Stats That Stick: October 6, 2011
October 06, 2011 05:05 pm
African-American male students in middle school who have been suspended: 28 percent
Black and Hispanic students are far more likely to be kicked out of school when they break the rules, including some that often have nothing to do with keeping students safe, according to a new report from a civil rights research and advocacy group. Education Week reported school discipline records are too often seen as a measure of how safe a school is and not often enough as a gauge of how healthy a school is academically. Analyzing 2006 data from the U.S. Department of Education’s office for civil rights, Mr. Losen found that more than 28 percent of African-American middle school boys had been suspended at least once, compared with 10 percent of white males nationwide. For girls, it was 18 percent of black students, compared with 4 percent of white students.
New York City classes with more students than the contract allows: 6,978
The Huffington Post reported on this year’s class size battle. According to the most recent national data available from the Education Department, student-teacher ratio declined from 22.3 in 1970 to 13.1 in 2008, when class sizes averaged at 20 in elementary schools and 23.4 in secondary schools. But since then, as the recession took its toll, reports from around the country point to a surge in class sizes. A survey conducted in September by the United Federation of Teachers found a spike in class size grievances in New York City, with nearly 7,000 educators teaching a number of students that exceeds their contractual limits.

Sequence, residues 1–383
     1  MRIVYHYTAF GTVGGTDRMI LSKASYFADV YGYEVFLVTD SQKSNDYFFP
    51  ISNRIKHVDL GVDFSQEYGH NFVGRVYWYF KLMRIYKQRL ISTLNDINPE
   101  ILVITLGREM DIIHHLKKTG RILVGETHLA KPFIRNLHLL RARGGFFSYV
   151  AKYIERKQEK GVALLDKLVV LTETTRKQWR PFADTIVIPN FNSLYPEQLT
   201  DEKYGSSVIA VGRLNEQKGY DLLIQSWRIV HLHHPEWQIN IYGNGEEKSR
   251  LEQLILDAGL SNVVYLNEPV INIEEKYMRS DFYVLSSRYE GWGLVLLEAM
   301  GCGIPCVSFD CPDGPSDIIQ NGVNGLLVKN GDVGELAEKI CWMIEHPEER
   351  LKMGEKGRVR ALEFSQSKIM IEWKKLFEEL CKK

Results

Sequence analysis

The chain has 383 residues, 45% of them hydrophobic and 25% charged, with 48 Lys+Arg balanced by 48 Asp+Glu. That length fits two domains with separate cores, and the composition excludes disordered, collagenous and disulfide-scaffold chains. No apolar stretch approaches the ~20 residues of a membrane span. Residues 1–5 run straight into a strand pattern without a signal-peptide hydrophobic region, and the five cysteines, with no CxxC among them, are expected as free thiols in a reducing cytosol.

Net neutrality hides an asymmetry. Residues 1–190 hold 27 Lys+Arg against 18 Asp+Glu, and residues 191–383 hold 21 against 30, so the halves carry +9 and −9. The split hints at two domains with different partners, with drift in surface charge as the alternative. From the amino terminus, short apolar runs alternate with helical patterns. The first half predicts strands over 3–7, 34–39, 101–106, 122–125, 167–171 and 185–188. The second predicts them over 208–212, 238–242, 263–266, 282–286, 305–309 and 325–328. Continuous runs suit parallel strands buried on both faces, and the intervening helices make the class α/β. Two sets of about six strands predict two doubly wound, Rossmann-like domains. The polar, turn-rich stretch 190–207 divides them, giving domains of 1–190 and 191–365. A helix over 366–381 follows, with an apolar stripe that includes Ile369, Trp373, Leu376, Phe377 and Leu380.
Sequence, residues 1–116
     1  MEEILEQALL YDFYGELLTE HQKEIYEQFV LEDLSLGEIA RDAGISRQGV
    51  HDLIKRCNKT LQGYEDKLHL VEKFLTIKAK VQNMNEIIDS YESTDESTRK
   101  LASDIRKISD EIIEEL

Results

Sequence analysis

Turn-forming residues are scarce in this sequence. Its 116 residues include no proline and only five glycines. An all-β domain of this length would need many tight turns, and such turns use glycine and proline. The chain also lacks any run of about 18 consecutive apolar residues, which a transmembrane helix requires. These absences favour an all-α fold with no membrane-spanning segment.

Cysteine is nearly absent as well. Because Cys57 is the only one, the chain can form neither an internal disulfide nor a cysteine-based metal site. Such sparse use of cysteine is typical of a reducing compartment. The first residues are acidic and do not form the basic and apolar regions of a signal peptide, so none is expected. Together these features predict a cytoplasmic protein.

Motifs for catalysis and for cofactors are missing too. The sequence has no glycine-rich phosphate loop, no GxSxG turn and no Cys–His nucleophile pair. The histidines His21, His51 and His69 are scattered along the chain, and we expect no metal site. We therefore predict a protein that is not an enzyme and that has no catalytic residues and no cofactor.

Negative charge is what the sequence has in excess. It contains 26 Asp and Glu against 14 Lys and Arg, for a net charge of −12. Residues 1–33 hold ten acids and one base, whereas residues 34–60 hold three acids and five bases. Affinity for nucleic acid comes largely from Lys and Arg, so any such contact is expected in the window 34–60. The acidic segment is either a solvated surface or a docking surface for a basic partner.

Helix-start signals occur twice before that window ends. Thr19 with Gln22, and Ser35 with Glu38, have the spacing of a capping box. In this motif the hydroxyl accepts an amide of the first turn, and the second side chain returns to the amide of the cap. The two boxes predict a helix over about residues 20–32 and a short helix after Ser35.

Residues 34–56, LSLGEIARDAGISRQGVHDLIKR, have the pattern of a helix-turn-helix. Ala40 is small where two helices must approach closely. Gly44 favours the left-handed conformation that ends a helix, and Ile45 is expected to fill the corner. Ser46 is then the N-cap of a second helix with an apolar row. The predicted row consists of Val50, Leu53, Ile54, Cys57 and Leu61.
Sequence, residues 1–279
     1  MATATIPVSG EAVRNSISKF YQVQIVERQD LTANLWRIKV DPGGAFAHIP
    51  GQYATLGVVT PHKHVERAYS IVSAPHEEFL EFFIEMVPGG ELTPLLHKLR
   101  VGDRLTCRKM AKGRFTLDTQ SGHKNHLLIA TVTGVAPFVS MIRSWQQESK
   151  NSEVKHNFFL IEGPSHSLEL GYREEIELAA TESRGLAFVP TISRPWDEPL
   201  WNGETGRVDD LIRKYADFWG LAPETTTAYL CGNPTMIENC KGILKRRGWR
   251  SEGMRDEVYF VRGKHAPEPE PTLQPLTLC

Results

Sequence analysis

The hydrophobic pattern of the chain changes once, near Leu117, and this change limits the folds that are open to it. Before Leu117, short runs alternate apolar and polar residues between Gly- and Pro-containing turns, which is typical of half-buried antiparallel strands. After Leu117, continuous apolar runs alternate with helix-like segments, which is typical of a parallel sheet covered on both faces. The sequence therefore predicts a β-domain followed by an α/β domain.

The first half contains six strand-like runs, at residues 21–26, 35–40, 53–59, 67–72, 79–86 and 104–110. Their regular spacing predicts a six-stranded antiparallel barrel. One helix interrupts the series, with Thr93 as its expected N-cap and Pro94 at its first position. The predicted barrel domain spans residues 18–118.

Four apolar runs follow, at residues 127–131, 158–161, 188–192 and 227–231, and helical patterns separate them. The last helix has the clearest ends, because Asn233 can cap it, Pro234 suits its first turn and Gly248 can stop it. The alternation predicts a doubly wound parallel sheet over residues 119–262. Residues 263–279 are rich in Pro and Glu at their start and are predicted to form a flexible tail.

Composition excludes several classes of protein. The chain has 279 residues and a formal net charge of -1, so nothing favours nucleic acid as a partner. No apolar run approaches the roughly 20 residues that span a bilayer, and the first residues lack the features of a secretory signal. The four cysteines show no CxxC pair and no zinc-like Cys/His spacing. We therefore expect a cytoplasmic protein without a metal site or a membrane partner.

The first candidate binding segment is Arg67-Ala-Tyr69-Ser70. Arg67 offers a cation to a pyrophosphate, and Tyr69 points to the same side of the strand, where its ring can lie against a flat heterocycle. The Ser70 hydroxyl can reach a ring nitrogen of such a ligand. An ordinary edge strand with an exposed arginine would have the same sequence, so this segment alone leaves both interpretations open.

Teaching jobs saved under the American Jobs Act: 400,000
Education Week reported the American Jobs Act proposed by president Obama last month would save nearly 400,000 teaching jobs if states spent all the money in one year, according to a report released today by the White House. The legislation is part of a nearly $450 billion package that would include $30 billlion to prevent teacher layoffs, and $25 billion for school modernization and repair.
High school dropouts who have missed more than 20 days of school: 90 percent
About 9 in 10 of high school dropouts were chronically truant, meaning they missed more than 20 days, school, before making the decision to leave school permanently, according to Robert Balfanz, a Johns Hopkins University researcher. Truant students often fall behind their classmates before dropping out. According to US News & World Report, most high school districts offer some sort of dropout prevention program. A new report released last week by the National Center for Education Statistics shows a majority of high schools (approximately 8 in 10) offer services such as tutoring and remediation classes for students who have fallen behind, but less than half of school districts offer an after-school program for high school students at risk of not graduating.